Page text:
When exploring the world of ancient India, you may want to consider the following article Ã¢â‚¬â€œ which will allow you to learn a few facts concerning the type of food eaten throughout this locale in the past.
The earliest Indians (called the Harappans) dined on meals that primarily consisted of wheat, lentils, and rice? Sometimes, they supped on the meat of chickens, goats, sheep, cows, and pigs. It is believed that rice and chicken was a product of Thailand, while sheep and wheat originated in West Asia.
Early Indians would take some of their wheat and transformed it into soups and stews. They also made flat breads with it Ã¢â‚¬â€œ called chapatis.
Despite popular belief, when explorers found their way to ancient India, the eating habits of the residents did not experience any changes.
The main foods eaten by Nomadic dwellers included fruits, meat, and fish. They also picked wild berries as part of their diet.
Around 300BC, the belief that animal sacrifices contributed to your karma spread, as more and more people felt that this practice could help them avoid a life of reincarnation. However, animal sacrifices soon became less popular. You started to see people eating less meat and a great deal of individuals embraced the life of a vegetarian.
During the ancient days of India, milk and milk products were quite popular.
Some of the most popular spices of today were cultivated in ancient India, as they were quite creative in locating a variety of flavors to enhance their meals and create an intoxicating aroma. Indian cuisine also made some spices rather popular, as cardamom, mace, and cinnamon served as basic addition to almost all of the dishes in the past. These particular spices were brought in from the South Sea islands at a rather early date.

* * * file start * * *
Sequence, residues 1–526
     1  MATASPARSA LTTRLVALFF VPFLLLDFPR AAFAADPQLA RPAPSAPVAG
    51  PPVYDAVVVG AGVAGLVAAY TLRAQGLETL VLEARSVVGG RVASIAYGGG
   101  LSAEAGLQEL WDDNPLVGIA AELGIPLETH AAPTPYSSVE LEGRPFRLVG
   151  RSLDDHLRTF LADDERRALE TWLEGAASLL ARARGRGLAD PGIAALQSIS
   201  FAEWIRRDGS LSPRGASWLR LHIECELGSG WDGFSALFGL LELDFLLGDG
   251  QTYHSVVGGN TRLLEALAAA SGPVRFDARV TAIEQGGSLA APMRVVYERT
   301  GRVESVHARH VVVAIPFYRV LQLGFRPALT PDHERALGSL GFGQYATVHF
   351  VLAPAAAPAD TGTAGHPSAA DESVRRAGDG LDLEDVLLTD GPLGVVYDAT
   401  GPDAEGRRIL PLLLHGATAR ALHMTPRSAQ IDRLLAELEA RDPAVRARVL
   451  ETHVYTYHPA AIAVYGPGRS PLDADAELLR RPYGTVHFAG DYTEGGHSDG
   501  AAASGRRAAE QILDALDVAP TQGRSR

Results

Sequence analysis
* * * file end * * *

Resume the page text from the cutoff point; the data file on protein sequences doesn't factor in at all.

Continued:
With not much to work with Ã¢â‚¬â€œ you probably wouldnÃ¢â‚¬â„¢t have guessed that ancient Indian desserts were elaborate and were used to create an attractive centerpiece for banquets of wealthy citizens.
During the Gupta period (around 650 AD) Ã¢â‚¬â€œ Hindus started to worship a Mother Goddess and since cows were sacred to this deity Ã¢â‚¬â€œ Hindus started to forego the consumption of beef.
The Islamic conquests that took place around 1100 AD had an influence on the eating habits of Indians living in the north. The majority of people in India ceased the consumption of pork, as eating this type of meat was not allowed if you followed the Koran.
Over the years, an increasing amount of people ate goats, sheep, and chicken, but for the most part Ã¢â‚¬â€œ India became full of vegetarians. Meat was typically eaten on rare occasions or not at all. Examples of vegetarian food that early Indians ate include wheat flatbreads (made with chickpeas), served with a vegetarian sauce and yogurt. Rice, yogurt, and vegetables were another popular combination. Indians would also consume spicy peppers to liven up their vegetable-based dishes.
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